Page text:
“2.3 Prepaid Payment Instruments (PPIs): PPIs are payment instruments that facilitate purchase of goods and services, including financial services, remittance facilities, etc., against the value stored on such instruments. PPIs that can be issued in the country are classified under three types viz. (i) Closed System PPIs, (ii) Semi-closed System PPIs, and (iii) Open System PPIs.

2.4 Closed System PPIs: These PPIs are issued by an entity for facilitating the purchase of goods and services from that entity only and do not permit cash withdrawal. As these instruments cannot be used for payments or settlement for third party services, the issuance and operation of such instruments is not classified as payment systems requiring approval / authorisation by the RBI.

2.5 Semi-closed System PPIs: These PPIs are used for purchase of goods and services, including financial services, remittance facilities, etc., at a group of clearly identified merchant locations / establishments which have a specific contract with the issuer (or contract through a payment aggregator / payment gateway) to accept the PPIs as payment instruments. These instruments do not permit cash withdrawal, irrespective of whether they are issued by banks or non-banks.

2.6 Open System PPIs: These PPIs are issued only by banks and are used at any merchant for purchase of goods and services, including financial services, remittance facilities, etc. Banks issuing such PPIs shall also facilitate cash withdrawal at ATMs / Point of Sale (PoS) / Business Correspondents (BCs).”

2.2 The case under discussion primarily deals with closed system PPIs, as the gift vouchers can only be redeemed at the Applicant’s own outlets.

2.3  The Applicant has submitted to the AAR that the PPIs are nothing but actionable claims as defined in the GST Act, which refers to the definition of “actionable claims” under the Transfer of Property Act. In my view, the AAR may be correct in dismissing this submission of the Applicant, as an actionable claim is primarily an instrument which creates a debt obligation. In the case under discussion, there is no debt obligation or beneficial interest in a defined movable property to the holder of the gift voucher. It is simply an instrument which can be used to pay the consideration for the purchase of goods at the Applicant’s outlet. Therefore, the claim of the Applicant to exclude the issue of vouchers from the purview of GST on this basis would be incorrect.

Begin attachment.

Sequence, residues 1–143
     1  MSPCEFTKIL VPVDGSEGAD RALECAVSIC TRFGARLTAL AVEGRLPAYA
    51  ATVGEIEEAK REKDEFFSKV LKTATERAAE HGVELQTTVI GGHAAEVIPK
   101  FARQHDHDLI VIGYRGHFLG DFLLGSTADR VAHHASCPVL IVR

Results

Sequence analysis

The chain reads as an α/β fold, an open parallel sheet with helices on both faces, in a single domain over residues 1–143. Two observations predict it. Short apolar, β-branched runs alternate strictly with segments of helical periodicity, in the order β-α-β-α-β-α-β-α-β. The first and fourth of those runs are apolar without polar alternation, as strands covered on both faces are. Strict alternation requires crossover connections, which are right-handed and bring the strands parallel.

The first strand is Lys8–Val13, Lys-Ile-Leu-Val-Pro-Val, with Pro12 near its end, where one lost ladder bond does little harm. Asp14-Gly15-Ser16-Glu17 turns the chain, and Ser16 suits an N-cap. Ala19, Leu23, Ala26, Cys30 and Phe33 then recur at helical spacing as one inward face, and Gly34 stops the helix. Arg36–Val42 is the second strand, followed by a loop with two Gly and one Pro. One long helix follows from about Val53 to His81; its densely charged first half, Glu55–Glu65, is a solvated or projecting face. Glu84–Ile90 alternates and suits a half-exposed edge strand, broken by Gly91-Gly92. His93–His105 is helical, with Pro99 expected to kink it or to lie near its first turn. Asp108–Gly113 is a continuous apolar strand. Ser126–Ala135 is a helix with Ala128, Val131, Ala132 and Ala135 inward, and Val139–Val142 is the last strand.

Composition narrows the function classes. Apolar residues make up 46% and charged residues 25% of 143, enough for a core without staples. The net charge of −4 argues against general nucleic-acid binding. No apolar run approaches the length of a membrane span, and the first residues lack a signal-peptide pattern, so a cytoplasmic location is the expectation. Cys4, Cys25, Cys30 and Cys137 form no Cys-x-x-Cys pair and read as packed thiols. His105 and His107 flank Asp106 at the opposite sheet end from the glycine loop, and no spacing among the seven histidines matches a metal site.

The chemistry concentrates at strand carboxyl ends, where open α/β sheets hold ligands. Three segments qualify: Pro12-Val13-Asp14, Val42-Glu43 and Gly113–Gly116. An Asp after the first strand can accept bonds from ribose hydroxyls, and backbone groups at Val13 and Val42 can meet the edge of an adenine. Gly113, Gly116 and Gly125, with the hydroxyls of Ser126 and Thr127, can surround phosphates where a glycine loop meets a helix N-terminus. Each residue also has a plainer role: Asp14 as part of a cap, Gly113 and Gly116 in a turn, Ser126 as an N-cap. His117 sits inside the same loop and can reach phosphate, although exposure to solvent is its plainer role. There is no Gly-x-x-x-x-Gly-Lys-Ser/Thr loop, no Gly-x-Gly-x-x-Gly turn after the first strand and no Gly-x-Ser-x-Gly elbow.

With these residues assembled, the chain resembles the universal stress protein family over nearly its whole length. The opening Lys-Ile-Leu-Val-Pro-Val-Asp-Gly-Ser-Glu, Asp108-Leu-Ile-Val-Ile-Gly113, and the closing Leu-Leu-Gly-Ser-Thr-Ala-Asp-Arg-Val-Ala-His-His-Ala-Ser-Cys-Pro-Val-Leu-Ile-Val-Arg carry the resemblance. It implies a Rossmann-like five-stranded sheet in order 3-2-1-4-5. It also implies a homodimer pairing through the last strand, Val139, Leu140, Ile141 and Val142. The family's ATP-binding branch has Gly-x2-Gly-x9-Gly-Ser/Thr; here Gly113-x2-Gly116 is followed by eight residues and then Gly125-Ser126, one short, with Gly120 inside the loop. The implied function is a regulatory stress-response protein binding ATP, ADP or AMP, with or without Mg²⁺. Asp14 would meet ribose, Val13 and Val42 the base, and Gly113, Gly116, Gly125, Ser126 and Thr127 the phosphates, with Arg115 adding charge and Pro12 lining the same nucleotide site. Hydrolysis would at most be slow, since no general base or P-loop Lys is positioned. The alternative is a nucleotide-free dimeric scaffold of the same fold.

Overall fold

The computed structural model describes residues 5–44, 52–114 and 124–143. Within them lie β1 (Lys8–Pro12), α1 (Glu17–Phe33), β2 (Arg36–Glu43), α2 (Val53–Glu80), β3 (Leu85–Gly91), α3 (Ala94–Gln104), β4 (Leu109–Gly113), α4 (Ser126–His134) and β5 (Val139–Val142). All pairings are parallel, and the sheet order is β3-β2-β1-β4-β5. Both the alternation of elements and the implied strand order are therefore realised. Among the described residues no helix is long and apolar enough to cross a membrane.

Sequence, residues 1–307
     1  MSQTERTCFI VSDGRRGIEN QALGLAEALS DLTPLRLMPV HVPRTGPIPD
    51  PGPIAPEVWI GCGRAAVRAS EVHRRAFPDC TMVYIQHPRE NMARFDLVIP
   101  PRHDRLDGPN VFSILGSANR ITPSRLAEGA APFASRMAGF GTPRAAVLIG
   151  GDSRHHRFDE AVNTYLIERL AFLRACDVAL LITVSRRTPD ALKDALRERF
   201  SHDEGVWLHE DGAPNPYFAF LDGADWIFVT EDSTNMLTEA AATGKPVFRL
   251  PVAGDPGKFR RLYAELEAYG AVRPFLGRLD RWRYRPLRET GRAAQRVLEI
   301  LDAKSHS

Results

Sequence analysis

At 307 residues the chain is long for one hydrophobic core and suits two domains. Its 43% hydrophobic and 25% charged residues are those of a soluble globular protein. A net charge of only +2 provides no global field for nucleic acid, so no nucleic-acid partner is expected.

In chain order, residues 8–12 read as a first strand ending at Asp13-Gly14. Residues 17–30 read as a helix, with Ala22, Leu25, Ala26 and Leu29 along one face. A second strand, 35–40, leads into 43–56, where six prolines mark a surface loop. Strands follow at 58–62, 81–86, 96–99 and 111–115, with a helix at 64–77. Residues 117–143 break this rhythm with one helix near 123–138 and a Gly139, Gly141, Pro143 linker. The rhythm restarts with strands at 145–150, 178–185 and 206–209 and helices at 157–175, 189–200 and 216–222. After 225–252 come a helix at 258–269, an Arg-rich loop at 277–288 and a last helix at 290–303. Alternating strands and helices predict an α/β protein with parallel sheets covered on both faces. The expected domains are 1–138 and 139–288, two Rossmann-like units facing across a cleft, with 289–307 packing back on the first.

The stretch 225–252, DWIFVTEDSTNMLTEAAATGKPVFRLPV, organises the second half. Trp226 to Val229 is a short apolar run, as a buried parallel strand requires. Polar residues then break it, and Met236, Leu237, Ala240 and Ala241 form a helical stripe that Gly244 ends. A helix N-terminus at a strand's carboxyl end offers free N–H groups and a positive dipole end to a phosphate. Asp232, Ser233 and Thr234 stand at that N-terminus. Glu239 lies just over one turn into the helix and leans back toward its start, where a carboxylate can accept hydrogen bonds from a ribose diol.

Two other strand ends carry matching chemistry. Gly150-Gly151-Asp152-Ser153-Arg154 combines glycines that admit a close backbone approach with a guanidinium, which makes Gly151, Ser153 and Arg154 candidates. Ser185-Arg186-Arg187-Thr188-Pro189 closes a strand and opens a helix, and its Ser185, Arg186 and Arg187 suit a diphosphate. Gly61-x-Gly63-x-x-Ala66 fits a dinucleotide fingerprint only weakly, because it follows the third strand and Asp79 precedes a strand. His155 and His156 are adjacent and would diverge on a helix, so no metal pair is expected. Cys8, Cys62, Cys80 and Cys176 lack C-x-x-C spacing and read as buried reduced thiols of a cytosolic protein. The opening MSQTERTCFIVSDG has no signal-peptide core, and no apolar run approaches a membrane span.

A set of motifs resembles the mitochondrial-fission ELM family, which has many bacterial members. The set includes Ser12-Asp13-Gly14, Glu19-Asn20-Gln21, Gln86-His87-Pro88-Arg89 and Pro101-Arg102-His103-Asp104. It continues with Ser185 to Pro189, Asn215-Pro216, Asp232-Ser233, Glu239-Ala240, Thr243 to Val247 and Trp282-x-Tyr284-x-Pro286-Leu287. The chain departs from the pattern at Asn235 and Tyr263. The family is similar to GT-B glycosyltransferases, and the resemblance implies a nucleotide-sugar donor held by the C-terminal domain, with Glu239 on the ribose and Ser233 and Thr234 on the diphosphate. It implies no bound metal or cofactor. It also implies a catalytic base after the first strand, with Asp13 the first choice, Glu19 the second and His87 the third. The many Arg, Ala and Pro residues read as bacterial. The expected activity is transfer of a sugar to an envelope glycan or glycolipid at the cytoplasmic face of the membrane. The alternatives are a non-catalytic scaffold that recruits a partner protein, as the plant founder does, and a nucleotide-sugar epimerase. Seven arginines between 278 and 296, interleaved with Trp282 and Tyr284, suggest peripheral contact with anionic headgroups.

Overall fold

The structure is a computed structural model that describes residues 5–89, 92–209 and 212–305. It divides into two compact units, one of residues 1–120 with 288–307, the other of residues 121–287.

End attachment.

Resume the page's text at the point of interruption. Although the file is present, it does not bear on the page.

3. The answers to all other questions raised by the Applicant were dependent on how the AAR classified the issue of gift vouchers. This is also the primary point of discussion of this article.

3.1 The term “voucher” has been defined in the GST Act under Section 2(118). The definition is reproduced below for reference –

“(118) “voucher” means an instrument where there is an obligation to accept it as consideration or part consideration for a supply of goods or services or both and where the goods or services or both to be supplied or the identities of their potential suppliers are either indicated on the instrument itself or in related documentation, including the terms and conditions of use of such instrument;”